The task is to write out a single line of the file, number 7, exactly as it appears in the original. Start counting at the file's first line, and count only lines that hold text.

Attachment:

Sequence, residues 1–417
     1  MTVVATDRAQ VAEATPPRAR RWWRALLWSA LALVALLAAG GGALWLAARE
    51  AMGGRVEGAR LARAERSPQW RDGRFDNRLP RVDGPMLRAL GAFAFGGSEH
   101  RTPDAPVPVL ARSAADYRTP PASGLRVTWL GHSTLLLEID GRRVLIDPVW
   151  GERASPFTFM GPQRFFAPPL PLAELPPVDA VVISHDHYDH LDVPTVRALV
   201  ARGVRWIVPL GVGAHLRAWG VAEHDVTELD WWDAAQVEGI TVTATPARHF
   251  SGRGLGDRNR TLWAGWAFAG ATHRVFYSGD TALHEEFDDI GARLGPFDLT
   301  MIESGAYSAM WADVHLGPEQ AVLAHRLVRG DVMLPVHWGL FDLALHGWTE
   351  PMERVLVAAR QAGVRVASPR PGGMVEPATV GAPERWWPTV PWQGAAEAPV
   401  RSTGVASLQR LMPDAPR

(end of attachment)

   251  SGRGLGDRNR TLWAGWAFAG ATHRVFYSGD TALHEEFDDI GARLGPFDLT